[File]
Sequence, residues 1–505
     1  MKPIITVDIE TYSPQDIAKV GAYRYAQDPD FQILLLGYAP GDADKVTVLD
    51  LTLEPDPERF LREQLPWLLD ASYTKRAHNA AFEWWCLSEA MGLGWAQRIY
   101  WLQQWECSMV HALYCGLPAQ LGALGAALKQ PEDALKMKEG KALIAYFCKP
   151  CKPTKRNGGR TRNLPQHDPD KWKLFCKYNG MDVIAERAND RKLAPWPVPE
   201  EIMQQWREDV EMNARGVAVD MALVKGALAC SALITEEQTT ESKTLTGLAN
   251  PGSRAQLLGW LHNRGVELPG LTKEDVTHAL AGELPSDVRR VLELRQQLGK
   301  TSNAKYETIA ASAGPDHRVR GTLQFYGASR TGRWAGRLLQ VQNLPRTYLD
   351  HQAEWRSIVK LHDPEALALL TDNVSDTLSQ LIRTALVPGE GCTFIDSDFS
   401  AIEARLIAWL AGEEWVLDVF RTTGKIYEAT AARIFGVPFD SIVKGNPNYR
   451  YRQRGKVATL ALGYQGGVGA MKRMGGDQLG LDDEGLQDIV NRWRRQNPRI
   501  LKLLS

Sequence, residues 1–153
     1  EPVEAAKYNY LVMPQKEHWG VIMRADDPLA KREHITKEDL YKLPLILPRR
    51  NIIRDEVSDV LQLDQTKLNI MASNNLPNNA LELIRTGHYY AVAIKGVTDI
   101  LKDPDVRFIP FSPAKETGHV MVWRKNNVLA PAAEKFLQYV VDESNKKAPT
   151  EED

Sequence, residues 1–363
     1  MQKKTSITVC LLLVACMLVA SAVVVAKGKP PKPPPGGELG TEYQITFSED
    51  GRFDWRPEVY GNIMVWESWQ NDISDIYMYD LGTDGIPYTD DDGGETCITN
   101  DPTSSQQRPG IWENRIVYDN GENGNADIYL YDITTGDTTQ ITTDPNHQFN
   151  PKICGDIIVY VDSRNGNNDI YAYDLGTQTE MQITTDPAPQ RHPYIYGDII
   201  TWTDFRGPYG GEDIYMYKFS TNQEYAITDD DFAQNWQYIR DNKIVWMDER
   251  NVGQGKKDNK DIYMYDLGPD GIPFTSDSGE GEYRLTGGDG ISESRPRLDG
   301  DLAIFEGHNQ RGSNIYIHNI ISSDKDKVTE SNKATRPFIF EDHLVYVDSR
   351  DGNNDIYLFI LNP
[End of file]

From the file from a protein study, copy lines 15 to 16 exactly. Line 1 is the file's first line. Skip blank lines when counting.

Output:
    51  NIIRDEVSDV LQLDQTKLNI MASNNLPNNA LELIRTGHYY AVAIKGVTDI
   101  LKDPDVRFIP FSPAKETGHV MVWRKNNVLA PAAEKFLQYV VDESNKKAPT